with Gareth Sparham
Sunday, November 28, 2010
2:00pm - 4:00pm
Join us for this special talk in which Dr. Gareth Sparham will give an explanation of guru devotion according to his experiences, based on the passage in the Lam rim that says there are two basic approaches: taking each teacher as a guru, or restricting the number of gurus to just a few, depending on personality type.
He will discuss the problem of cultism in Western Buddhism and where he thinks it comes from and how to deal with it. He will then describe the importance of female gurus (dakinis) in our world informed by feminist insights.
He will also discuss the importance of devotional worship in the successful religious life and practical ways to integrate this practice into family and daily life by learning how to see the good in people without losing track of what is right and what is wrong.
Gareth Sparham is a translator. He was born in England and grew up in Canada. He received a BA honors degree in English from McGill University in Montreal in 1970, and after a short spell as a teacher, in 1972 went to India and Nepal to study Buddhism. In 1974, with other early students of Lama Zopa and Lama Yeshe, he traveled to Bodh Gaya to meet the Dalai Lama and ordained as a monk. He then lived for most of the next twenty-five years in Dharamsala, India, studying and practicing Buddhism at the Buddhist Dialectic Institute. During the 1980s he spent his winters at the University of British Columbia studying Sanskrit, where he completed his PhD in Asian Studies in 1989. After returning to live full time in India in 1992, he built a small retreat house in the mountains above Dharamsala, remaining there until he returned to North America in 1998 to teach Tibetan and Sanskrit at the University of Michigan. He turned back from the homeless life in 2003 and married Janet Seding, a friend from the 1960s, with whom he now lives in Toronto and Walnut Creek.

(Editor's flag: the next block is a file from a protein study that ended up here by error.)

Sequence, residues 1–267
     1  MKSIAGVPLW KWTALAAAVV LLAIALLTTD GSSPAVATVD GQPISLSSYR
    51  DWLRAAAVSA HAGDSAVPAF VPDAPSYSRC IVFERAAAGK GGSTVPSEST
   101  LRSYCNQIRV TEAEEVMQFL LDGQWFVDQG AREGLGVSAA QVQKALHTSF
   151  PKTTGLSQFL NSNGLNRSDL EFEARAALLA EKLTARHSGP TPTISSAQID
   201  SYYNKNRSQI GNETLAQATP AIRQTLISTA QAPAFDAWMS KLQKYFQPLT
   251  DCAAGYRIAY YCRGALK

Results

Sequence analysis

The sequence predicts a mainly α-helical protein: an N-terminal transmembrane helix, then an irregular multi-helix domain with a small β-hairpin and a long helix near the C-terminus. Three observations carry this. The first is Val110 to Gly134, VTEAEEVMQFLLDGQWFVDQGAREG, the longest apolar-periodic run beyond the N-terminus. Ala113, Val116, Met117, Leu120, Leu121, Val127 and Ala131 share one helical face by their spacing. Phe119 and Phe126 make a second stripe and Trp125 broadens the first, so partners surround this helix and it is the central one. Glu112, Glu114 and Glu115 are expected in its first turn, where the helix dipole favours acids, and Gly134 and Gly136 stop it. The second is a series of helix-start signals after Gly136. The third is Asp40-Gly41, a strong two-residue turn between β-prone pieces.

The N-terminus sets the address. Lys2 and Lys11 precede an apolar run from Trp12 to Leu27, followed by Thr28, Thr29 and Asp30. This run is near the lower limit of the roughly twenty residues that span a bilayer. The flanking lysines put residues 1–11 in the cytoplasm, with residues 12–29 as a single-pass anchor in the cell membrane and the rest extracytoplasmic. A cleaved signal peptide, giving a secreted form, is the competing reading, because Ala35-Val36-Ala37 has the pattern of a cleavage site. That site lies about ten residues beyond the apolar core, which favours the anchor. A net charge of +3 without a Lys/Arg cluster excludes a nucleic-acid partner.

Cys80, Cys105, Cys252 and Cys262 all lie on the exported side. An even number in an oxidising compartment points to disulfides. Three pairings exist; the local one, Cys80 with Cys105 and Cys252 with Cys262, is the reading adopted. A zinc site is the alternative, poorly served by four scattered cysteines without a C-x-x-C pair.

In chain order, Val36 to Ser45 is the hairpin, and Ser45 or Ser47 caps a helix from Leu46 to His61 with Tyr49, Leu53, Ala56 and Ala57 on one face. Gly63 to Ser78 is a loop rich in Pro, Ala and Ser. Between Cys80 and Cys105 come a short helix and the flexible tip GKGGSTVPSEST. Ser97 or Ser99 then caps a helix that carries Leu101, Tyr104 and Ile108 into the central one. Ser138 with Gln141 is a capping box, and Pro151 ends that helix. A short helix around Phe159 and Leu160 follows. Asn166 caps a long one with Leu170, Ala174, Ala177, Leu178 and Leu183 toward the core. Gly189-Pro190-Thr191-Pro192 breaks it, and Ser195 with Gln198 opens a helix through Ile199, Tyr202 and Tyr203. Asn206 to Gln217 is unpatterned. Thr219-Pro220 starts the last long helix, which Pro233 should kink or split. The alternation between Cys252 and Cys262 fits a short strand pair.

Since taking retirement from the University of Michigan in 2009, he has devoted himself to translation. His many published translations from Tibetan and Sanskrit include the first three of four volumes of Tsongkhapa’s long commentary on the Perfection of Wisdom, shorter works by Tsongkhapa on Buddhist tantric morality and guru-devotion, and the opening section on the six perfections from Tsongkhapa’s Long Treatise on the Stages of the Path. He has also published translations of a treasure text on the practice of Vajrasattva, Khunnu Lama’s famous work on bodhicitta, and translations of a number of more recent works in Tibetan, amongst them Memoirs of a Tibetan Lama, the autobiography of Losang Gyatso.